13/05/2020 - 06:53

Morning Headlines

13/05/2020 - 06:53

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Morning Headlines

China asked to explain beef curbs

Trade Minister Simon Birmingham is seeking urgent talks with his Chinese counterpart over snap restrictions imposed by Beijing on Australian beef yesterday, as farmers feared proposed duties on barley could be extended to wine or seafood. The Fin

Three bidders lead first leg of Virgin race

Brookfield, BGH Capital and Bain Capital are favourites to lead the final group of bidders into the next stage of the race to buy Virgin Australia as Friday’s deadline for initial offers approaches, sources close to the bidding say. The Fin

Red tape takes a hit

Two longstanding bugbears of WA business — complicated government procurement rules and tortuous environmental assessments — are being tackled in a twin blitz on red tape. The West

Some stores will never reopen: Lew

Billionaire Solomon Lew believes many retailers will never reopen after the forced hibernation caused by the coronavirus pandemic, leaving many shopping malls with empty spaces and once popular food halls deserted. The Aus

Porter to consider EBA change limit

The Morrison government will consider limiting any changes to enterprise agreements in response to the coronavirus to just 12 months as part of a deal to save controversial workplace regulation. The Fin

Don’t expect V-shaped economic revival: BHP

BHP chief executive Mike Henry has warned that the global economy will not recover quickly from the coronavirus and says his signature industrial relations reform has allowed the company to respond ‘‘nimbly’’ to the challenges thrown up by the pandemic. The Fin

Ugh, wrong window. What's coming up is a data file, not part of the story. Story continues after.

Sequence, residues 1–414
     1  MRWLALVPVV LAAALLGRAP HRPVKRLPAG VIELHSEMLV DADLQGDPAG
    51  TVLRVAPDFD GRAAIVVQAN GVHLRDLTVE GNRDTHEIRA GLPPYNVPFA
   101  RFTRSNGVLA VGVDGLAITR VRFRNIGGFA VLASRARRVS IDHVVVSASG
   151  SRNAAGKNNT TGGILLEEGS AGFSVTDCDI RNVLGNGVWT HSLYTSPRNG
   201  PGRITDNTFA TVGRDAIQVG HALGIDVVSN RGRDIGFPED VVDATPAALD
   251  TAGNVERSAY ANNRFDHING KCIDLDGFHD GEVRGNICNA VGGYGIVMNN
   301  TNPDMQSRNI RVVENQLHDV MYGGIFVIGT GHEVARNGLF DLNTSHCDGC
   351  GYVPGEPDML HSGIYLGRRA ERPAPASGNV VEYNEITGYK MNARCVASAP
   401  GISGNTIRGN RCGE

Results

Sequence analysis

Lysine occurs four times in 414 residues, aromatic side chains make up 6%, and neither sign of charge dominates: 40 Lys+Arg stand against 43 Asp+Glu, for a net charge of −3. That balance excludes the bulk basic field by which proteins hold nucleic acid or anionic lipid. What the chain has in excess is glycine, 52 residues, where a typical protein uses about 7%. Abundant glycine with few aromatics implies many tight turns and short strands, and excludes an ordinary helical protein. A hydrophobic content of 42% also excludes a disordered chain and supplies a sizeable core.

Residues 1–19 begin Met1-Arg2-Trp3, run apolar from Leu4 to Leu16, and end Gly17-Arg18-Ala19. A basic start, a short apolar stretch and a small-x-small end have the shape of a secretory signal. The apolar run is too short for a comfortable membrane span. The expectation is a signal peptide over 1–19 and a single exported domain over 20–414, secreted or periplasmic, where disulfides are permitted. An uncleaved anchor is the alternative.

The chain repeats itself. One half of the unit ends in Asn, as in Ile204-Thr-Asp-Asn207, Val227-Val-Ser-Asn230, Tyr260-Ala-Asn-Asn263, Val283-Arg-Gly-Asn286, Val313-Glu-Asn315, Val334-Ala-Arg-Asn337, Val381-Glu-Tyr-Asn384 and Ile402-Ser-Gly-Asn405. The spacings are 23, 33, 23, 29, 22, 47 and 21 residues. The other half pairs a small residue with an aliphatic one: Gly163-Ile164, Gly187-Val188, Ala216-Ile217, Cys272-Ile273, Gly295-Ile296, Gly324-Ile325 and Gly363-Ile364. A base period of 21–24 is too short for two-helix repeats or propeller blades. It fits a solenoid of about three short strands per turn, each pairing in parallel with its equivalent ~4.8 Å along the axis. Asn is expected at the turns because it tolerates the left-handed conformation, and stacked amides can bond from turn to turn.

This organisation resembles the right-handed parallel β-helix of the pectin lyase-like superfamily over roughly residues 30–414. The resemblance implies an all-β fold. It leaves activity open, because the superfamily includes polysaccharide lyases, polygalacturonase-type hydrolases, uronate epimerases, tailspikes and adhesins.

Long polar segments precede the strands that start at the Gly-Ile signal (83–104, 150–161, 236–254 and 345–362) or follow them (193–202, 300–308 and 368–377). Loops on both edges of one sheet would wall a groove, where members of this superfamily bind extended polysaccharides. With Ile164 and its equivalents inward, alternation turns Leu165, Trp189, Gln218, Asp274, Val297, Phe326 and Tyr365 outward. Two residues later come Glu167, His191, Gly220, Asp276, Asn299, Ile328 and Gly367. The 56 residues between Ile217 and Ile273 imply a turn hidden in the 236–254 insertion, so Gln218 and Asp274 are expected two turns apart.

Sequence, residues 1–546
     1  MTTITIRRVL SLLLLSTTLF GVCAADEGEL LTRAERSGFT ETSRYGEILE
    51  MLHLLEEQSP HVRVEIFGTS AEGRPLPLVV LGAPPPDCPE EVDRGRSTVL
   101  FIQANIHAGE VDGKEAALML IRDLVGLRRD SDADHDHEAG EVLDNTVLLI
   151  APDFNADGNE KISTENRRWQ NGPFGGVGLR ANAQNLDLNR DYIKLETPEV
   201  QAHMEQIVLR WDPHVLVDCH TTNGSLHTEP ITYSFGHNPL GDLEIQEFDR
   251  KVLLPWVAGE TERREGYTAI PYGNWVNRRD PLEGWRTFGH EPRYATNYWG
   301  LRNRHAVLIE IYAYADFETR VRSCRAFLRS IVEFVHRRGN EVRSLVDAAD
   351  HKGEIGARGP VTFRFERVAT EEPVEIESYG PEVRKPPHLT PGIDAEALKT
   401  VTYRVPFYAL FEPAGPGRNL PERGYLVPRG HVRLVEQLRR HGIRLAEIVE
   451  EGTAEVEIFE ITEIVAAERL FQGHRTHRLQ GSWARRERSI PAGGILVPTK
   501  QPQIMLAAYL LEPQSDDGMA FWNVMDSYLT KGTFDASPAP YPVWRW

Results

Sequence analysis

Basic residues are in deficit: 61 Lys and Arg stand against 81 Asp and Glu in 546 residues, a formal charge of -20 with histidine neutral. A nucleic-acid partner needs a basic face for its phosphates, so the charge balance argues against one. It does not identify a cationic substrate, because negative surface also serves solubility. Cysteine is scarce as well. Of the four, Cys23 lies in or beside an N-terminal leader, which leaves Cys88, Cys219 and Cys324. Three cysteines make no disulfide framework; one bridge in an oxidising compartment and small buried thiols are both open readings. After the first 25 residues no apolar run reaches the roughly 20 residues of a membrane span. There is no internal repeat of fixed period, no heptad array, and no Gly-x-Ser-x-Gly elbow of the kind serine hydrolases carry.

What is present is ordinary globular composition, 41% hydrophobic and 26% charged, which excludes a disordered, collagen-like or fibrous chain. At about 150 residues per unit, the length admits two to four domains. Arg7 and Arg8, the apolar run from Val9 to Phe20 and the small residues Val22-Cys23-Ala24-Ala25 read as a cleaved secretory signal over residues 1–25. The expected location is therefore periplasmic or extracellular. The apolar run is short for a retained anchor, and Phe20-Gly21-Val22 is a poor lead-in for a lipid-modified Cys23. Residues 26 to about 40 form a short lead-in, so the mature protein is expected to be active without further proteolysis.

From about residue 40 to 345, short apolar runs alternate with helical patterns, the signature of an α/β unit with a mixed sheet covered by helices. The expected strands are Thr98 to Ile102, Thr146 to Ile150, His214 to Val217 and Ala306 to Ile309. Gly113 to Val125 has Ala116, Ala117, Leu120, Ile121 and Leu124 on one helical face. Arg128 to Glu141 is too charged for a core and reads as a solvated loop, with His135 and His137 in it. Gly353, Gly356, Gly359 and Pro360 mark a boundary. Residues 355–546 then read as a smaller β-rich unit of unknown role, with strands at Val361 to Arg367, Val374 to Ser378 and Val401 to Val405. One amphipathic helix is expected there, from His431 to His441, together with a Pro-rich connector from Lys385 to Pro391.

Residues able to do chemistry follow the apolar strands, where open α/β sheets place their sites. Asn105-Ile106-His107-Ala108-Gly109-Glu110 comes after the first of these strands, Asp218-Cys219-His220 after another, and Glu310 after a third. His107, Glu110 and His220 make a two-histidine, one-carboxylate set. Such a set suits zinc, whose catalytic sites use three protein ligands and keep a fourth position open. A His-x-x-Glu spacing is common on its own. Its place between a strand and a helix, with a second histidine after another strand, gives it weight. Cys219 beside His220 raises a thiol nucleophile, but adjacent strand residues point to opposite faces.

NAB survey paints a picture of worry

Business conditions have taken a beating in WA, with the latest National Australia Bank survey revealing the State had suffered the second-worst plunge in the country. The West

Trump claims victory over virus

Several US states and some of its biggest manufacturing companies are restarting operations even as the nation’s death toll nears 80,000 and the White House battles to control infections on its own turf. The Fin

16,000 research jobs set to fall victim to virus

The COVID-19 pandemic will decimate Australia’s research workforce with up to 16,000 researchers likely to cease work this year, according to analysis carried out by Australia’s top science bodies at the request of the federal government’s recovery co-ordinator, Nev Power. The Aus

Ivo loses clearing stoush

Paul Letari’s Ivo Nominees faces fines of $160,000 plus a legal costs bill after the WA Court of Appeal reinstated a conviction on two charges laid by Murray Shire in 2016. The West

 

 

The Australian Financial Review

Page 1: Trade Minister Simon Birmingham is seeking urgent talks with his Chinese counterpart over snap restrictions imposed by Beijing on Australian beef yesterday, as farmers feared proposed duties on barley could be extended to wine or seafood.

Page 2: Australian executives are more pessimistic about the transition to a net zero emissions economy than their global counterparts.

Page 3: The head of the Fair Work Commission has said the minimum wage panel cannot delay its decision this year, despite facing a ‘‘higher degree’’ of economic uncertainty because of the pandemic.